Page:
That position is exactly what our text denies. It refutes it. Even though the Bible came to us through men, our text shows that they were merely instruments of God and were serving His purpose, bringing His message to us. The Scriptures were God-breathed. They did not originate in men. William Hendriksen comments on how God inspired the Biblical writers,

"The Spirit, however, did not suppress the personality of the human writer, but raised it to a higher level of activity… By causing him to be born at a certain time and place, bestowing on him specific endowments, equipping him with a definite kind of education, causing him to undergo predetermined experiences, and bringing back to his mind certain facts and their implications, the Spirit prepared his human consciousness. Next, the same Spirit moved him to write. Finally, during the process of writing, that same Primary Author, in a thoroughly organic connection with all the preceding activity, suggested to the mind of the human author that language (the very words!) and that style, which would be the most appropriate vehicle for the interpretation of the divine ideas for people of every rank and position, age and race. Hence, though every word is truly the word of the human author, it is even more truly the Word of God."



We have the same teaching in 2 Peter 1:20-21. Peter wrote,

"Above all,
you must understand
that no prophecy of Scripture came about
by the prophet's own interpretation.
For prophecy never had its origin
in the will of man,
but men spoke from God
as they were carried along
by the Holy Spirit."

God carried them along. He used them to give the Israelites, not the message of men, not a mixture of the message of men and of God—but the message of God. John Calvin writes,

"we owe to the Scripture the same reverence as we owe to God, since it has its only source in Him and has nothing of human origin mixed with it."



Calvin continues and says,

"This is the principle that distinguishes our religion from all others, that we know that God has spoken to us and are fully convinced that the prophets did not speak of themselves, but as organs of the Holy Spirit uttered only that which they had been commissioned from heaven to declare. All those who wish to profit from the Scriptures must first accept this as a settled principle, that the Law and the prophets are not teachings handed on at the pleasure of men or produced by men's minds as their source, but are dictated by the Holy Spirit."



Now what does this mean for us?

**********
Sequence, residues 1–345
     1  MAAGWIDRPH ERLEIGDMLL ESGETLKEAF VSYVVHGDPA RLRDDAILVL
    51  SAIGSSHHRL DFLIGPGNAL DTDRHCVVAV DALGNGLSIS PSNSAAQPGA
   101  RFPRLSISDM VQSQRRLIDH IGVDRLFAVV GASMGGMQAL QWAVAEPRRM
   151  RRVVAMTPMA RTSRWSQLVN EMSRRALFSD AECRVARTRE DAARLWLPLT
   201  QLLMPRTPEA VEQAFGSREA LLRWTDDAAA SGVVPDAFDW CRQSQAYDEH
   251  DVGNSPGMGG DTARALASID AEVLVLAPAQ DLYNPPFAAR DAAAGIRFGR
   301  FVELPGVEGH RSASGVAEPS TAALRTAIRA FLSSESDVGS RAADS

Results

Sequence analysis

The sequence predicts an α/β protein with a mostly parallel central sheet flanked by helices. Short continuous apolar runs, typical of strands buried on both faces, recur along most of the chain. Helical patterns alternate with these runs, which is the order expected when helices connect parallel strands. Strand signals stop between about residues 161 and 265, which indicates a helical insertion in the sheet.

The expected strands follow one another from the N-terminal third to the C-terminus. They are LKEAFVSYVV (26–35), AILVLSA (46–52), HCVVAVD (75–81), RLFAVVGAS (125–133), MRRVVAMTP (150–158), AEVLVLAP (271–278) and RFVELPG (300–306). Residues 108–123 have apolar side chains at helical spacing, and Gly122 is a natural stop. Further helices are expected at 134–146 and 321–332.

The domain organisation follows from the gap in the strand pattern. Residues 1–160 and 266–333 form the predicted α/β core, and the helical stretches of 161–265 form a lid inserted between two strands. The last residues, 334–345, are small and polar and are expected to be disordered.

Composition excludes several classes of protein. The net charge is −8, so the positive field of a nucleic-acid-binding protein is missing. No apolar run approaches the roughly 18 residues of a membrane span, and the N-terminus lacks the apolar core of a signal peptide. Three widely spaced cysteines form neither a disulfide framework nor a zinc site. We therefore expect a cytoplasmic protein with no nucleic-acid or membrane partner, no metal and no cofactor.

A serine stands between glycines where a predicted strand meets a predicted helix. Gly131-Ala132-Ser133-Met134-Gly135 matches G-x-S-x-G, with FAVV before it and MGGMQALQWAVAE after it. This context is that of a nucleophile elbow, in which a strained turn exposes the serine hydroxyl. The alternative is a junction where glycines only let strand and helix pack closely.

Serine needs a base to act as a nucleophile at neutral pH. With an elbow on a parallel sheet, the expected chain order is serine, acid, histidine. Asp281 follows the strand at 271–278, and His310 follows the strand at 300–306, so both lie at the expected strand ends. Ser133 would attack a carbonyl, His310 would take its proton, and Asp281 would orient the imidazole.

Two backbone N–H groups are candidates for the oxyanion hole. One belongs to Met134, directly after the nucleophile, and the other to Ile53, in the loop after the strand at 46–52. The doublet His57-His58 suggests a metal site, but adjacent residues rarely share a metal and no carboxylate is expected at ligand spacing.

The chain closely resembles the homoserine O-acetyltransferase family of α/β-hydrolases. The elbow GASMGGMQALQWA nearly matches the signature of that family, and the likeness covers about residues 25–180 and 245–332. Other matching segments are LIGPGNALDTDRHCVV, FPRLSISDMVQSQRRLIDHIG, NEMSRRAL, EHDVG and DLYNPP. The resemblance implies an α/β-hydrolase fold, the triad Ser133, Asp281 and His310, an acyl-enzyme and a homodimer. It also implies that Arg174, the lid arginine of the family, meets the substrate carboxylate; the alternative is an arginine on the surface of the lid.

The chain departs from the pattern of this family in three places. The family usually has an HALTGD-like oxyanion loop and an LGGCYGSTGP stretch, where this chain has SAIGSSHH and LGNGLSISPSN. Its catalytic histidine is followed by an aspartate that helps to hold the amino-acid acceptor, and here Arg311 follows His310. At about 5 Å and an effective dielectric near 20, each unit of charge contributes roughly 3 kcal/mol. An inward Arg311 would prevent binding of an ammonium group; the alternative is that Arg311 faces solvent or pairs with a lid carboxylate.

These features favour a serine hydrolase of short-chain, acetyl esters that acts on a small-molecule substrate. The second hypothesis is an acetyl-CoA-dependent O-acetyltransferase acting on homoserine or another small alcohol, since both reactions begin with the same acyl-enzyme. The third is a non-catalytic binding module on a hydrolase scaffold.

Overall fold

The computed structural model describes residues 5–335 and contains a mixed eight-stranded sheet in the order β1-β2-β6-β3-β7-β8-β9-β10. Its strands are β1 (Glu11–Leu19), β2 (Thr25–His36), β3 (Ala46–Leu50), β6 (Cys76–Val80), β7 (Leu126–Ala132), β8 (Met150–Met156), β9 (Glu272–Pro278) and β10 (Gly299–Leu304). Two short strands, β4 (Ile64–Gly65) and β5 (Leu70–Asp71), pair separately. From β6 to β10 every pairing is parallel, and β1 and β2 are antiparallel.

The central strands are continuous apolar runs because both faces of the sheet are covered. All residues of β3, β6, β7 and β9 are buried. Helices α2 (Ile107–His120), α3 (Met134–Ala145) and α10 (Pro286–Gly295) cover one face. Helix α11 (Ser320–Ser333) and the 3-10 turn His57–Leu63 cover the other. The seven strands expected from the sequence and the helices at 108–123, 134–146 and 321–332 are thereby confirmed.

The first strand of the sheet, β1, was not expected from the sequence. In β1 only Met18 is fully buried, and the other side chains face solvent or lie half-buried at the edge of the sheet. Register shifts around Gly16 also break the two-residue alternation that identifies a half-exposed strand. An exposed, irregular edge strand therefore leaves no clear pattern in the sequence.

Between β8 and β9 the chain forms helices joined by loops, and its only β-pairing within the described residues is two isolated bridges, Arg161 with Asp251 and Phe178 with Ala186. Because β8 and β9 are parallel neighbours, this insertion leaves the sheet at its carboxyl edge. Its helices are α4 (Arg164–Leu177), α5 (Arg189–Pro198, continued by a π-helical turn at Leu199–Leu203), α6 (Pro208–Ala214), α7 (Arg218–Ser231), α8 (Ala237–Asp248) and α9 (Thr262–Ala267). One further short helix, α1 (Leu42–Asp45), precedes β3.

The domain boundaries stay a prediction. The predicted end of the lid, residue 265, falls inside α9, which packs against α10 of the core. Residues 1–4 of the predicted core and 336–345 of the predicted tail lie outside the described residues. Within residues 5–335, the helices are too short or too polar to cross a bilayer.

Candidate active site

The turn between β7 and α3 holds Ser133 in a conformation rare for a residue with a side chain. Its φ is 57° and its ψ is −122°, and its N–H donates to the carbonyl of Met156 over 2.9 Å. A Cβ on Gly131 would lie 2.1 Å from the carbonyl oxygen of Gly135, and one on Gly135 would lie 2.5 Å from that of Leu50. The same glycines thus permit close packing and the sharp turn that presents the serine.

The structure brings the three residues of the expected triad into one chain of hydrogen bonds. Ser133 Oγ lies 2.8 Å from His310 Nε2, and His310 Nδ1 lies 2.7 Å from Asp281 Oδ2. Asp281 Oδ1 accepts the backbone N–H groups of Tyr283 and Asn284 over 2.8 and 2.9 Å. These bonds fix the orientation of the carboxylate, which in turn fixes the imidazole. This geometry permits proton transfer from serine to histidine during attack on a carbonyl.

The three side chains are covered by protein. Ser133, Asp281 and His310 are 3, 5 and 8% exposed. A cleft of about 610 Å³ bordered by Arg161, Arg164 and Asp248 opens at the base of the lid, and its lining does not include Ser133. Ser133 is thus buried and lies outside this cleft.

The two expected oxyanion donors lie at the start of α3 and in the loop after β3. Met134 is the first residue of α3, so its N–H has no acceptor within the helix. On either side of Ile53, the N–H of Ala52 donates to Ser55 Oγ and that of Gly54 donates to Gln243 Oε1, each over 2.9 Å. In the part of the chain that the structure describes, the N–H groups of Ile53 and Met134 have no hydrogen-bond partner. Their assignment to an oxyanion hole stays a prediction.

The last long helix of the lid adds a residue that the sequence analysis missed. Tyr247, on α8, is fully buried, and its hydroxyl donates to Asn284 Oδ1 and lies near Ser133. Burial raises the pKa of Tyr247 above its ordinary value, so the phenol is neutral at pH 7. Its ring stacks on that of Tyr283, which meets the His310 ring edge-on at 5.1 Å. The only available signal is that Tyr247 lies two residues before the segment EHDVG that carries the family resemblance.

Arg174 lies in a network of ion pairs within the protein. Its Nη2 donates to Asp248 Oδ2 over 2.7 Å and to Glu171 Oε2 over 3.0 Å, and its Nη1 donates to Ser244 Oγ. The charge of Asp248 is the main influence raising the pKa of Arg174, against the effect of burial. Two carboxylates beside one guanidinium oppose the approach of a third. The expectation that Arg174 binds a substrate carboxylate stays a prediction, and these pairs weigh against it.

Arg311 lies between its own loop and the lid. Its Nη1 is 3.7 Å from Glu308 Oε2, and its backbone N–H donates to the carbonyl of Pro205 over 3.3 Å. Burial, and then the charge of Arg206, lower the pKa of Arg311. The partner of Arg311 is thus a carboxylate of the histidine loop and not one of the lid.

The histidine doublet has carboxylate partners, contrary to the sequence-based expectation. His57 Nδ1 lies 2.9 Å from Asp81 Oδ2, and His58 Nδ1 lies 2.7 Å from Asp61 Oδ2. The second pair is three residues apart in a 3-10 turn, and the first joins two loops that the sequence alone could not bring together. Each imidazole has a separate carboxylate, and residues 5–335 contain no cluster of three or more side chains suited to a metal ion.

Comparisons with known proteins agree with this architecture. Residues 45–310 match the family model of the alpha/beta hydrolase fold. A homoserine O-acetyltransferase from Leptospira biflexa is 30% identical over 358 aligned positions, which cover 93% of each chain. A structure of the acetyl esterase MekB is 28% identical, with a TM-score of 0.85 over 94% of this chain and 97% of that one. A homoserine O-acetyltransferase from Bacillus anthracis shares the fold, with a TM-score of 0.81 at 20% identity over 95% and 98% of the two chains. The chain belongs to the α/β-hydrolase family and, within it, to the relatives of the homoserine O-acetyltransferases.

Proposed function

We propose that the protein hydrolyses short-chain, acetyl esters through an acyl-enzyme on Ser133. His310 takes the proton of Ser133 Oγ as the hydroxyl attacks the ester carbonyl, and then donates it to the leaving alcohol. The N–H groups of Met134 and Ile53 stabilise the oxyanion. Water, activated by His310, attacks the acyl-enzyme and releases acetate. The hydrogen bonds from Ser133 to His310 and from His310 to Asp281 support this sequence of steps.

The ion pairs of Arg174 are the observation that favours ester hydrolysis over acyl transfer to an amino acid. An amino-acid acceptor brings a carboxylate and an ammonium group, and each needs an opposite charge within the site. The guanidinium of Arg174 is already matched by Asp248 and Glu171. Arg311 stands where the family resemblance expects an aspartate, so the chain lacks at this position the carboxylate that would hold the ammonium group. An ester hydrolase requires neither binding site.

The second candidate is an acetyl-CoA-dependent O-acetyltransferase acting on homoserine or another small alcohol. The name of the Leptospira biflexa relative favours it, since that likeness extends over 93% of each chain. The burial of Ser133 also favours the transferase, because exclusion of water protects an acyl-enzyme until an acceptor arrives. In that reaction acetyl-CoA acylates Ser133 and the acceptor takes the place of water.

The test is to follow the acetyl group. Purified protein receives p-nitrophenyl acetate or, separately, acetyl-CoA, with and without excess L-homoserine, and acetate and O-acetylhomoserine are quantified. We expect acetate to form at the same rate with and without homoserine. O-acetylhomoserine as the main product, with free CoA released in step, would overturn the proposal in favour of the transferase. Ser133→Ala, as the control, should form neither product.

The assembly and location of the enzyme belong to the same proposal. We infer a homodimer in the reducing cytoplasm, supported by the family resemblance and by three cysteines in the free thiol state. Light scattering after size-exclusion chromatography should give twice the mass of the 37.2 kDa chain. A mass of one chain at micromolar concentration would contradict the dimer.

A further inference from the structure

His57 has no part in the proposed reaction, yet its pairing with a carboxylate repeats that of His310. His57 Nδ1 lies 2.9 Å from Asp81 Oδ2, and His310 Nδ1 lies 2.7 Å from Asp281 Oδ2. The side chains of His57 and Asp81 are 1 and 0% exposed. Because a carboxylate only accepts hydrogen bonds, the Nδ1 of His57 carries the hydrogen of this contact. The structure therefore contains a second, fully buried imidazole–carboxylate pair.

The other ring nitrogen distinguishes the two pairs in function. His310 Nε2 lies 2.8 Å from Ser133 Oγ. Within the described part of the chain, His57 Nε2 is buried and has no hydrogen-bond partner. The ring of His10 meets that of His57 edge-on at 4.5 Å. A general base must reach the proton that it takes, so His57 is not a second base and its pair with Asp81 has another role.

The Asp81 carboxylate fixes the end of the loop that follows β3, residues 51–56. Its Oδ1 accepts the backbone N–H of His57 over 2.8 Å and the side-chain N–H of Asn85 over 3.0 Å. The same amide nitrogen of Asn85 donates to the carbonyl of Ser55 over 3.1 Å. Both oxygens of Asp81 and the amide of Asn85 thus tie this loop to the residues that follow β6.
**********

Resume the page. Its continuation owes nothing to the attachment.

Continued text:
First of all, it means that

you ought to have the highest regard for the Bible, in its entirety.

What an inestimable gift God has given us in His Word. It is His Word. We can trust it as so. Our attitude toward God's Word ought to be like David in Psalm 119. He said, (Psalm 119:41-48)

"May your unfailing love come to me,
O LORD, your salvation
according to your promise;
then I will answer the one
who taunts me,
for I trust in your word.
Do not snatch the word of truth
from my mouth,
for I have put my hope in your laws.
I will always obey your law,
for ever and ever.
I will walk about in freedom,
for I have sought out your precepts.
I will speak of your statutes
before kings and will not be put to shame,
for I delight in your commands
because I love them.
I lift up my hands to your commands,
which I love,
and I meditate on your decrees."

David had absolute confidence in the Word.

Jesus did as well. You'll recall that He met every temptation of Satan with God's Word. Satan said to Him—turn the stones into bread, Jesus answered, (Matthew 4:4)

"It is written:
'Man does not live on bread alone,
but on every word
that comes from the mouth of God.'"

He met all three temptations that way. He warded all three off because of His trust in God's Word. What confidence He had in the Word. You should have the same confidence. Christians, love the Word. Study the Word. Value and appreciate it. In Matthew 5:18 Jesus said,

"I tell you the truth,
until heaven and earth disappear,
not the smallest letter,
not the least stroke of a pen,
will by any means disappear from the Law
until everything is accomplished."

As David wrote in Psalm 119:72,

"The law from your mouth
is more precious to me
than thousands of pieces of silver and gold."

Secondly, Christians,

how thankful you ought to be to God for giving you this revelation.

Where would we be without it? General revelation, looking at the sun, moon, stars and the rest of God's creation is not adequate to lead us to Jesus. We needed the Word to come to know Christ.

How you ought to be thankful for the Word. How you ought to be thankful for Him who is the incarnate Word, Jesus. He came, lived and died for us. How you ought to be thankful to the Father who sent Jesus. How you ought to be thankful for the Spirit, who reveals Christ to you.

Lastly, for those of you who are not Christians, what you should see from our text is that

you need to start believing the Word.

You need to listen to what it says or you'll be lost. In John 3:16-19 we read,

"For God so loved the world
that he gave his one and only Son,
that whoever believes in him
shall not perish but have eternal life.
For God did not send his Son
into the world to condemn the world,
but to save the world through him.
Whoever believes in him is not condemned,
but whoever does not believe
stands condemned already
because he has not believed
in the name of God's one and only Son."

You need Jesus. Do what the Bible says and trust in Him today.